Is Miscarriage or still births related to job loss? Yes, a new study published in Human Reproduction has uncovered this relation. The study looks at the potential link between job loss and an elevated risk of miscarriage or stillbirth. While the findings point to an association, the study refrains from making claims about causation.
Led by Dr. Selin Köksal from the Institute for Social and Economic Research at the University of Essex, UK, the research focused on the impact of job loss on pregnancy outcomes. The study analyzed data from the “Understanding Society” survey, encompassing 40,000 households in the UK from 2009 to 2022. Among the 8,142 pregnancies with complete information on conception dates and outcomes, 11.6% resulted in miscarriage, and 0.5% were stillbirths.
ASSOCIATION WITH JOB LOSS
Among the pregnancies affected by job loss (136 women), 23.5% resulted in miscarriage, and 0.7% ended in stillbirth. In contrast, among the pregnancies unaffected by job loss (8,006 women), 10.4% experienced miscarriages, and 0.5% had stillbirths.
Dr. Alessandro Di Nallo, co-author of the study, noted potential reasons for these associations, including stress, reduced access to prenatal care, and changes in lifestyle. Stress, in particular, triggers physiological responses that release hormones known to increase the risk of miscarriage or premature delivery. Furthermore, a reduction in income following job loss could hinder access to prenatal care, potentially leading to late or undetected high-risk pregnancies.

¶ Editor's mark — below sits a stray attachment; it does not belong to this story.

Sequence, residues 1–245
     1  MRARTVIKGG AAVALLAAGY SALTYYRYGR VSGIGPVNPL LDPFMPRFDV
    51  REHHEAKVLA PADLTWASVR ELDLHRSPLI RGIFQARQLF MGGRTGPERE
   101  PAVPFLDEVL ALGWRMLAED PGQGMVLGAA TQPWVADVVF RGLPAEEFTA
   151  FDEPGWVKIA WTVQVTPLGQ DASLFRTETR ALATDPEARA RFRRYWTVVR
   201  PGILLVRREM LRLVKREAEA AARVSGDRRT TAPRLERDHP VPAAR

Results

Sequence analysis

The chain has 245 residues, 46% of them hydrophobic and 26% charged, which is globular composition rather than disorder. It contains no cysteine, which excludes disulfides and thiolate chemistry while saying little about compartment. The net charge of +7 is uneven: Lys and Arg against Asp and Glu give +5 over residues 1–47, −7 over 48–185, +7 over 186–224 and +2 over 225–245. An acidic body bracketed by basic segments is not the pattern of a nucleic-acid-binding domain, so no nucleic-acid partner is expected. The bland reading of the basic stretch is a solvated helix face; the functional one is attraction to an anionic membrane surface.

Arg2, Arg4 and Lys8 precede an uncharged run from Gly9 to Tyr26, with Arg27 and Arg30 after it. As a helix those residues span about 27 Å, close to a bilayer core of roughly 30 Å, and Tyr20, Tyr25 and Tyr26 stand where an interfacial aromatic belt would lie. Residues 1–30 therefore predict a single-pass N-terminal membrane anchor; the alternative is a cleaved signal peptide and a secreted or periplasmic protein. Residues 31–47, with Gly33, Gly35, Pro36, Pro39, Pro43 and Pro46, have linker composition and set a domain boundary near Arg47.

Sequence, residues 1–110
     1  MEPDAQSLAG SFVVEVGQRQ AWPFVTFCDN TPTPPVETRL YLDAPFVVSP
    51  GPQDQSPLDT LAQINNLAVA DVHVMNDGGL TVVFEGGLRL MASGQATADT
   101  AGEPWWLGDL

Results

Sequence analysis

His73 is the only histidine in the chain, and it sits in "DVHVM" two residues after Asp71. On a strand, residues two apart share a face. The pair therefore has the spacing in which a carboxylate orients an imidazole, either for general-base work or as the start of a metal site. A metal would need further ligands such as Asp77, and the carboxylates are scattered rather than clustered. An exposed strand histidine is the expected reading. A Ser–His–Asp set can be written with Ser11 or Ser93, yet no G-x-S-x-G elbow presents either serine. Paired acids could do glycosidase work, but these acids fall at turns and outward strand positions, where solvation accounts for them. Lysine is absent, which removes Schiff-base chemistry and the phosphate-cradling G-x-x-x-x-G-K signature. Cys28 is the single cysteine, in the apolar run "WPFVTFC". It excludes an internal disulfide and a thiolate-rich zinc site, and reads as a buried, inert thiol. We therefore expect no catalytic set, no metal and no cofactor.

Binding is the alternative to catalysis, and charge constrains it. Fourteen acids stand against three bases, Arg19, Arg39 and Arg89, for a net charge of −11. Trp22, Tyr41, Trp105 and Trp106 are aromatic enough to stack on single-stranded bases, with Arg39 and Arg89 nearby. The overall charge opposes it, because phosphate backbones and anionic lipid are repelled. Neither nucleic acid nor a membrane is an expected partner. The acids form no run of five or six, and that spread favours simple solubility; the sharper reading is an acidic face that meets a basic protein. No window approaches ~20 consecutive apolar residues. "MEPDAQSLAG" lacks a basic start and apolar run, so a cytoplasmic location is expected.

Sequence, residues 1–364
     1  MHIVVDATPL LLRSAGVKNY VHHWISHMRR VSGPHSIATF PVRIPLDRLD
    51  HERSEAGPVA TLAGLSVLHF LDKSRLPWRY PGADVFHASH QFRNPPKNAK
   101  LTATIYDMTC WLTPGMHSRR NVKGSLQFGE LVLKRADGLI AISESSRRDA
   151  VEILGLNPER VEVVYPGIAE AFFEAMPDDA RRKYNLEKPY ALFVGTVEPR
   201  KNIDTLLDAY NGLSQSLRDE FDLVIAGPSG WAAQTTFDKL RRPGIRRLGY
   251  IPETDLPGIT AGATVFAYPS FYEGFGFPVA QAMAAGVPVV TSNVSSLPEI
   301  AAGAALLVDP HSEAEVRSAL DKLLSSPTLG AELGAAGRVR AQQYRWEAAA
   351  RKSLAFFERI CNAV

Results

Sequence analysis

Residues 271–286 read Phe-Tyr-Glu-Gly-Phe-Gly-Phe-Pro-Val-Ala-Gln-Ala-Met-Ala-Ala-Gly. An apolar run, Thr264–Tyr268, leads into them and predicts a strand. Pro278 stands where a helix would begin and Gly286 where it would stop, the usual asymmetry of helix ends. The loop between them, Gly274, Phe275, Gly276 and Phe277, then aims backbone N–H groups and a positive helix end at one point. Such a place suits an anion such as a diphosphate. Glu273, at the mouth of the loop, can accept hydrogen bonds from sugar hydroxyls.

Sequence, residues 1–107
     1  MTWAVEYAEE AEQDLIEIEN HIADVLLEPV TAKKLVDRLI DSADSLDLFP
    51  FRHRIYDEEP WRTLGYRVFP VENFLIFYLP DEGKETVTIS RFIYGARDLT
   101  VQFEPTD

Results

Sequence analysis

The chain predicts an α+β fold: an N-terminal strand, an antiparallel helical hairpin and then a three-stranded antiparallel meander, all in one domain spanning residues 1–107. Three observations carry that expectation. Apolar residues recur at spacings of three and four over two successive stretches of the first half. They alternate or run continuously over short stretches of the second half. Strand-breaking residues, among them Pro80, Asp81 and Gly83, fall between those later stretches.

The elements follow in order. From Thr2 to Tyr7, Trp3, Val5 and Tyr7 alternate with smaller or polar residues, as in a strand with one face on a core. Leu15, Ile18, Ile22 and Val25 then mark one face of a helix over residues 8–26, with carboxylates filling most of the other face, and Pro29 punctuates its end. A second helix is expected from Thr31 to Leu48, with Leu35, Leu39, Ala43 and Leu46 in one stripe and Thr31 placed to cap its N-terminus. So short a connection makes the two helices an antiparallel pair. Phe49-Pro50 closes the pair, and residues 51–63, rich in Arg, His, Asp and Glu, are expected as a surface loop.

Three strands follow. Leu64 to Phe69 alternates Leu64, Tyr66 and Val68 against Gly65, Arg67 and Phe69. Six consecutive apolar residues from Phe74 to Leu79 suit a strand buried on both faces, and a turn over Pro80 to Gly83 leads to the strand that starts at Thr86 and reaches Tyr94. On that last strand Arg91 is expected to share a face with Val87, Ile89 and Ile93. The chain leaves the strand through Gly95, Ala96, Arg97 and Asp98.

Dr. Köksal emphasized that the study’s findings could have important policy implications. To address this potential socioeconomic factor behind pregnancy losses, policymakers might consider extending job loss protection to workers whose partners are pregnant. Additionally, increased economic support for individuals and their partners who lose their jobs could help mitigate the psychosocial hardships associated with job loss.
NEED FOR AWARENESS
The study underscores the need for awareness of women’s legal rights and protection in the workplace during pregnancy, as well as psychological support during pregnancy through the public health system, irrespective of job status. While this research highlights an intriguing association, further investigation is needed to establish causation and explore whether these findings hold true for different socioeconomic groups.